Movie of the Week: Babylon (2023)

Damien Chazelle directs Margot Robbie, Diego Calva and Brad Pitt in this epic ensemble dark comedy drama about the death of the silent movie business in Hollywood and the fallout among the decadent has-beens and wannabes.

Close-up on a gargantuan anus. It sprays shit all over us. And if you aren’t on board and cackling aloud with that first scene, sorry folks, it is uphill all the way. Overweight bellies are pissed on. A pantry with every possible narcotic is opened. Someone crashes through a window and nobody misses a beat. Excess, orgy, relentless. That is 32 minutes before the title card appears. BABYLON.

Chazelle understands pace, his education in music gifts him this over nearly any other director (Carpenter?). He is probably the finest director to have arrived in the 21st century. Whiplash, La La Land and now this are the incontrovertible evidence. He moves breakneck here, tearing up whatever rule book may exist for accessible, pleasant storytelling. Multiple characters screech and swerve around a chaotic party. The first hellish celebration of many. Babylon has party scenes like Jaws has sea bound sequences. Fuck Gatsby get-togethers. This is Anger and Arbuckle raves. Hollywood Babylon and Singin’ In The Rain are the key sources. Kenneth Anger’s unbelievable gossip book lingers about, engorged and leering back at us, in all the background details. When the USC football team turn up half naked, you wonder have they all fucked the starlet yet… as essayed in Anger’s chapter on Clara Bow… and if so, which one of the wooden nude lunks is supposed to be a young John Wayne? You need to move quick if you wanna pack it all in. Catch the rattlesnake. Let us experience the heady rush without questioning the depravity or morals or marbles or truth of the endeavour. Chazelle knows when to give pause, knows when to leap a year. The screen fills with writhing devil may care oblivion, then lingers on an exhausted face. Or a crying one. Realising there’s no way this will all ever last.

He has assembled a crack team of creatives. Some are his house band. His wife plays the small but pivotal role of established silent director Ruth Adler and she more than any cast member really understands the rhythm he is going for. Cinematographer Linus Sandgren matches Gordon Willis’s love of darkness in the night time bacchanals yet lenses the widescreen carnage of an early Hollywood shoot with an arid expanse closer to crisp Conrad Hall. Justin Hurwitz’ score is another persuasive ear worm, even if it playfully calls back to a stanza in La La Land occasionally (welcome), in the main it is its own dirty raggy, jazzy stomp that cuckolds the movie stars and possesses them.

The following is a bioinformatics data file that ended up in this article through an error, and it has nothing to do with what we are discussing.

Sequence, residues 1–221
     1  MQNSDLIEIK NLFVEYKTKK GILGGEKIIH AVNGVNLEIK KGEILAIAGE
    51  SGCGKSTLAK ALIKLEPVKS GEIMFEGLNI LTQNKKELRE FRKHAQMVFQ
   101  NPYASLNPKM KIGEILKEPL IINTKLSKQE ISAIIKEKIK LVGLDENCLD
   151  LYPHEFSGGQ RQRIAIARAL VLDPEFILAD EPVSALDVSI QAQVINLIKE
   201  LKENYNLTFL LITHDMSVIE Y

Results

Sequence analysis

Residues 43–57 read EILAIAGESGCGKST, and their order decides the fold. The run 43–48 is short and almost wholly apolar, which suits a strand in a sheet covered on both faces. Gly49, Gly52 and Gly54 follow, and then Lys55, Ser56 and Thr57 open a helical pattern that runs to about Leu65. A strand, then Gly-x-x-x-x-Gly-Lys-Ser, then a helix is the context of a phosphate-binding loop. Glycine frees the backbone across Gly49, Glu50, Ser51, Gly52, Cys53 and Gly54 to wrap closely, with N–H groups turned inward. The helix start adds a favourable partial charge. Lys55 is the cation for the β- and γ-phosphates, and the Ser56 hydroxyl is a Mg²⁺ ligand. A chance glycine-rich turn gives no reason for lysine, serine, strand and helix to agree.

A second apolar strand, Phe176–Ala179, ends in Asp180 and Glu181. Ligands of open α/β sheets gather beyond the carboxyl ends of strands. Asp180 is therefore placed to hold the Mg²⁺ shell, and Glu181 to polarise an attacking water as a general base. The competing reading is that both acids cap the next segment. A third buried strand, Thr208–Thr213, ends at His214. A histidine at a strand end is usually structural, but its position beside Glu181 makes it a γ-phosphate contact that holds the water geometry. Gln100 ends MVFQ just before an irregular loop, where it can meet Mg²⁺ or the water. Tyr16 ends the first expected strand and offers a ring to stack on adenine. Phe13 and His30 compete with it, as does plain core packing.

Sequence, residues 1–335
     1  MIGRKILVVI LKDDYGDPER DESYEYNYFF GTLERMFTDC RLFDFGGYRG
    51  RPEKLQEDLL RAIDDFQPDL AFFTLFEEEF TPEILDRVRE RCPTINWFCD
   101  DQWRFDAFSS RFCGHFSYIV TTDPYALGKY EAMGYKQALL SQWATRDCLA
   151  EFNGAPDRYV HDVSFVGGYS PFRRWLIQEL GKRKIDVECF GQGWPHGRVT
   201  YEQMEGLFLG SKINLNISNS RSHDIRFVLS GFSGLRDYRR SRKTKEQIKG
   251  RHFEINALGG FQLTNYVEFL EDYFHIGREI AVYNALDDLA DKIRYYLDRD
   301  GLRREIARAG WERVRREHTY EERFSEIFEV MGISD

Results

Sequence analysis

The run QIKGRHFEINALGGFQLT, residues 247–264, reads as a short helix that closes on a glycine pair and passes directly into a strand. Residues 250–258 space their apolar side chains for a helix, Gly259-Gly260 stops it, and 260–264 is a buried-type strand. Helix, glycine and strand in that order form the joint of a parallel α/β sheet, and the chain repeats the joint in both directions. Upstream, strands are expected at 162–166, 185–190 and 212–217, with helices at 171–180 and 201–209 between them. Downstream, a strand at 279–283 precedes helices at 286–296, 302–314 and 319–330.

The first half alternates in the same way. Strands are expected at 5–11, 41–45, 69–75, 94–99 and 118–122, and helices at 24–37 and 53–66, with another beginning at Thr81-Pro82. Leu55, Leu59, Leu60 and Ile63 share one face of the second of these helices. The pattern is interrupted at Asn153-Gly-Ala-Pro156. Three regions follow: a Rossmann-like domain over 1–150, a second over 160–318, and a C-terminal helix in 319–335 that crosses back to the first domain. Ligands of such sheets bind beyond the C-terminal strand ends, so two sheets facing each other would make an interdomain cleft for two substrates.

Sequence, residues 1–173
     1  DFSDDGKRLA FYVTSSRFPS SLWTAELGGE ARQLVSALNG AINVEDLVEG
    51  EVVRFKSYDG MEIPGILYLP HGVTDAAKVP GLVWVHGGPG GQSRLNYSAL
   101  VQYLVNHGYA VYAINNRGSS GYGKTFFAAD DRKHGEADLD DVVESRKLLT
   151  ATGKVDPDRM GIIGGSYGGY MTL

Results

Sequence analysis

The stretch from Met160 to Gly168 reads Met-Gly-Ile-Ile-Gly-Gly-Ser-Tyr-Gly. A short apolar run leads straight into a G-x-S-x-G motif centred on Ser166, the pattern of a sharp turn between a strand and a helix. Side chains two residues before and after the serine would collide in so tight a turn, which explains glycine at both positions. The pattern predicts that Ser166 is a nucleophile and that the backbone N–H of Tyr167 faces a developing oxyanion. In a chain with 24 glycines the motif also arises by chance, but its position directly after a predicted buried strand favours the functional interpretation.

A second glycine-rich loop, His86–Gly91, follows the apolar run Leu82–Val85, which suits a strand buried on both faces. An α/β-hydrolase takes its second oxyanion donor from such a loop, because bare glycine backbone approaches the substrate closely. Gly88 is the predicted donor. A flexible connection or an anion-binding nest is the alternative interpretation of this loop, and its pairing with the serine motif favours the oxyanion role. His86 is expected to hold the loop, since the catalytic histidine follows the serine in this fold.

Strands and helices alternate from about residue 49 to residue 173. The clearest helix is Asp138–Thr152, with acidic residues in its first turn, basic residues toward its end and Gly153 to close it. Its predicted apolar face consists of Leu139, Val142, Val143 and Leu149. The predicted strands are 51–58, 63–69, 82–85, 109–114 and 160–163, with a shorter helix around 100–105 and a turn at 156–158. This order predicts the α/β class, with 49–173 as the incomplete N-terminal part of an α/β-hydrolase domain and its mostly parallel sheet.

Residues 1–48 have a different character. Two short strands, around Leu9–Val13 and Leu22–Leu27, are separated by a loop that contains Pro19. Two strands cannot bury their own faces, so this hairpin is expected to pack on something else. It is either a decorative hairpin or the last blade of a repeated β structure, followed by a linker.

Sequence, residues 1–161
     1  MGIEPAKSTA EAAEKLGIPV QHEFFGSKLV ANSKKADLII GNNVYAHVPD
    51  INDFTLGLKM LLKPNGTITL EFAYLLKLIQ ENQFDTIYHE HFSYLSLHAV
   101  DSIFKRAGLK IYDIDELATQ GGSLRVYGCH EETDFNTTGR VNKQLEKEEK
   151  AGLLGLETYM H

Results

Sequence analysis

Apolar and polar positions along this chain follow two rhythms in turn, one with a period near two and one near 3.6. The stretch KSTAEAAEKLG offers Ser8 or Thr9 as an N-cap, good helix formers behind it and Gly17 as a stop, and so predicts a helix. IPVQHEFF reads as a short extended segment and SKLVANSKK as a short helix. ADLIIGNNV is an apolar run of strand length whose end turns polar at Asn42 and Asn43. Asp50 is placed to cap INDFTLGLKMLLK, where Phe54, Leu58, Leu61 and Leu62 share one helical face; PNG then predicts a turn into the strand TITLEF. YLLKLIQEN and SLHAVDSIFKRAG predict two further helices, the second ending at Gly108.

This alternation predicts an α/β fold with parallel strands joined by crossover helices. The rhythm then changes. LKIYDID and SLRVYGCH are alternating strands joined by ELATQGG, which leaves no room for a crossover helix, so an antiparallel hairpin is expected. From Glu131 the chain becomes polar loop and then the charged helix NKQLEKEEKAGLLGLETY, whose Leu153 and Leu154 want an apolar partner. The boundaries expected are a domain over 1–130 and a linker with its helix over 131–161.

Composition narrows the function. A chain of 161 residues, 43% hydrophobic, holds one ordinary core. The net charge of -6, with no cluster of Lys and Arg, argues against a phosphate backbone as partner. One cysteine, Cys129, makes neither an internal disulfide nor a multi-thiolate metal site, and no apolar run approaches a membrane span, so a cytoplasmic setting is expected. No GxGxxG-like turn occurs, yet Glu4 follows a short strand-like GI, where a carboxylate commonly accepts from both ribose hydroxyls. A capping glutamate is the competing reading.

Of the new faces to Chazelle; Jean Smart, Jovan Adepo and Li Jun Li all make their mark. You possibly want a little more of all of them out of three hours plus but they aren’t the leads and they more than serve their purpose. Adepo gets a particularly brutal moment of self realisation and spiritual compromise when he is forced to darken his skin. There are gorier, more transgressive moments but this is the one calmer scene that truly wounds. Tobey Maguire has a fantastic extended cameo as a creepy merchant of evil. His third act horror set piece shows where all this corruption goes once LA starts becoming formalised and sanitised. Underground. Yet it is Robbie who deserves highest praise… she takes that grating, sexy, unpredictable Harley Quinn / Tonya Harding energy and amps herself all the way up to blitzkrieg level. FOR. ALMOST. 180. BREATHLESS. MINUTES. Have a word with yourself Academy voters. Shame on you.

In box office and, to a lesser extent, critical acclaim Babylon has not exactly set the world alight. It is a $80 million production that reminds me in many, many ways of the self destructive hubris that ended New Hollywood. The big communal celebration scenes of Cimino’s The Deer Hunter and Heaven’s Gate instantly spring to mind. The bitter, half fat musical synergy of New York, New York and One From The Heart is definitely there. The budget churning, audience disregarding cynicism of all these productions. Bogdanovich’s Nickelodeon achieved on the scale of Apocalypse Now. Mature, ambitious, career wrecking big swings that general audiences rarely embrace on opening weekend (see also BladeRunner, Fight Club). Potential Career Enders. I see very little wrong in Chazelle’s massive vision: a blood stained love letter to every major schism in American movie making. Some quieter scenes gasp and squeak a little under the constant pressure of their neighbours and it often is branded in gross-out bad taste. I laughed my arse off. I cared when I wasn’t laughing. And when I was doing both I was utterly terrified. This is cinema! Catch it on the biggest screen, as you’ll regret listening to the naysayers and eventually streaming this at some expired date instead… kicking yourself afterwards that you missed out on the big one.


Perfect Double Bill: Once Upon a Time… In Hollywood (2019)

My wife and I do a podcast together called The Worst Movies We Own. It is available on Spotify or here

M3gan (2023)

Gerard Johnstone directs Allison Williams, Violet McGraw and Amie Donald in this horror where a lifelike android prototype over reaches in her protocol to be a little girl’s best friend.